Alcalá de Henares

Alcalá de Henares

Tuesday, April 20, 2010

Wake up at 6:58 A.M., bus leaves at 7:15 A.M., takes at least 12-15 minutes to get downtown...

Day 6: Megabus

Today shall be titled the Megabus madness.  Yes indeed, madness.  If you couldn't tell by the equation above, we had quite the situation on our hands.  Mary set her alarm for 6:00 A.M., so we would have enough time to eat breakfast and get the rest of our stuff packed up.  The alarm failed to go off, and my friend Nicole woke up at 6:58 and informed us, in choice English I assure you, the wonderful predicament that we found ourselves in.  We scrambled to throw the last of our stuff into our backpacks while Mary headed out to call a cab for us.  I luckily packed most of my stuff the night before and was out of Mary's apartment two minutes after waking up.

We had to wait a few minutes for the cab to finally arrive, and we hurriedly jumped in and waved a quick goodbye to Mary (sorry for the terrible goodbye).  My friend Nicole told the cab driver to go as fast as he could to get to the Aberdeen bus station downtown.  He took his sweet, sweet time in getting downtown and I was surprised to see the bus still sitting there when we arrived.  I took out my ticket so we would be ready to go, and when the cab stopped my friend Nina sprinted to the bus and told them to wait.  We were scolded for about a minute about the importance of punctuality and how we were supposed to be on the bus 15 minutes prior to departure and how inconsiderate we were blah blah blah.  Not a very good start to our morning.

So after the scolding, Nina showed the Scottish man her papers and got on the bus.  Nicole showed her papers and was also good to go.  That left me.  I went to give him my bus papers but they were no where to be found.  More choice English words.  So I told him I didn't have my papers, hoping that he would be understanding.  His response, "No papers, no traveling."  Shoot.  Biggest fail ever.  Normally I like Scottish accents but not now.  Nicole decided to stay with me in case I couldn't get on the bus because I had also left my cell phone at Mary's flat, a fact we discovered on our taxi ride.  Good friend.  So I stood there for about 4 seconds trying to figure out what to do.  Nina is on the bus and I am frantic.  Then the lightbulb went on and I remembered that I had brought a spare copy of all of my papers for emergencies.  What a thinker.  So I told the man that I had the papers but they were in my backpack and I could get them.  Too late.  The bus left.  More choice English words.  So Nina was on the bus by herself, and Nicole and I were stuck in the Aberdeen Bus Station.  Wonderful.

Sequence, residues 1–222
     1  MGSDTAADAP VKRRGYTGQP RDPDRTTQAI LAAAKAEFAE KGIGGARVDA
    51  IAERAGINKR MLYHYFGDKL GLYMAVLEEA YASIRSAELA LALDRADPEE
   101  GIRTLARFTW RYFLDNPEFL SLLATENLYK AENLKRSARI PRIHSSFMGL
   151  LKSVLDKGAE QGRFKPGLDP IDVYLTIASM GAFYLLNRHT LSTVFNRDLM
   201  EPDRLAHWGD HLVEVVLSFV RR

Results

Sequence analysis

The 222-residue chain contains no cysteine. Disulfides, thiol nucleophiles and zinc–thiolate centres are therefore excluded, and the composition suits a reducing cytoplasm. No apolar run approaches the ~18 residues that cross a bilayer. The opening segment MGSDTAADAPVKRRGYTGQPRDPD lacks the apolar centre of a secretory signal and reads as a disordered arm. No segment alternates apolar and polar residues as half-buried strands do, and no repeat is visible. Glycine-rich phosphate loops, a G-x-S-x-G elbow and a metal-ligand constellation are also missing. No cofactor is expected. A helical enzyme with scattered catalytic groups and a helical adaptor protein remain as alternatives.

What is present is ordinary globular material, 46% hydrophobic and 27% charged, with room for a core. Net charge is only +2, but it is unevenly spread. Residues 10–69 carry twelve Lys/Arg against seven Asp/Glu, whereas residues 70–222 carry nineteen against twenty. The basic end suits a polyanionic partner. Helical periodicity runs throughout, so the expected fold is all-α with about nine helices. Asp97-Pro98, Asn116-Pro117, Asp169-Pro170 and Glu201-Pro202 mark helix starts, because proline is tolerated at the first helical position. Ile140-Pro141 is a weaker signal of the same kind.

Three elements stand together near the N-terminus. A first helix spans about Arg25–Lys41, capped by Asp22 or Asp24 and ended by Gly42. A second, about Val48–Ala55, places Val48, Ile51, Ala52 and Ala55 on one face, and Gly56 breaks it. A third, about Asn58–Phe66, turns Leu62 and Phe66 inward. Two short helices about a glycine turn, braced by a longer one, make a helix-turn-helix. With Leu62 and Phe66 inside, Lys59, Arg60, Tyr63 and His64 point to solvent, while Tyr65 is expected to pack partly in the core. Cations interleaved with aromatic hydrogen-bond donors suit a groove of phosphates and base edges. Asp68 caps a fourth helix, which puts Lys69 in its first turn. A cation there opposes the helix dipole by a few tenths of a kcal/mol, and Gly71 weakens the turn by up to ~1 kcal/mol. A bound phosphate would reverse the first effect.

End of the story:  We caught another bus going to the same location as our original bus because I think the bus driver felt bad for us.  It left 5 minutes after our other bus, and everything was fine.  Nicole and I met up with Nina and continued on our way to the Glasgow airport.  The bus driver who yelled at us formally introduced himself at the bus stop but I honestly couldn't understand half of what he said due to his thick Scottish accent.  All I wanted was to get on the bus and sleep!  It was a rather stressful start to the morning, and I was relieved when we finally made it to the airport.

At the airport, we had another funny moment.  This was legit funny.  The security guy had to look at our passports and check our tickets and he looked at Nina's and said "Brilliant."  Mine, "Brilliant."  Nicole's "Not so much."  Wow.  Could this morning get any better at this point?  Nina and I shared a good laugh and reassured Nicole that he was just kidding.  So after all of the morning's activities, we were able to get on our flight and got back to London.

We found our hostel with relative ease.  It was located in a more residential neighborhood, close to Hyde Park.  We walked around at night and finally had fish and chips!  It was very good and I think I'm starting to like fish and seafood since being in Spain.  I also got a McFlurry on our walk, always have to have dessert after the meal.  It's the Spanish way.  We were able to see the affluent part of London on our walk, quite different than where we stayed before.  It's always fun to imagine what it would be like to live in other places, and strolling around this neighborhood definitely gave me time to fantasize and dream.  It was a good way to end the day that began with so much stress.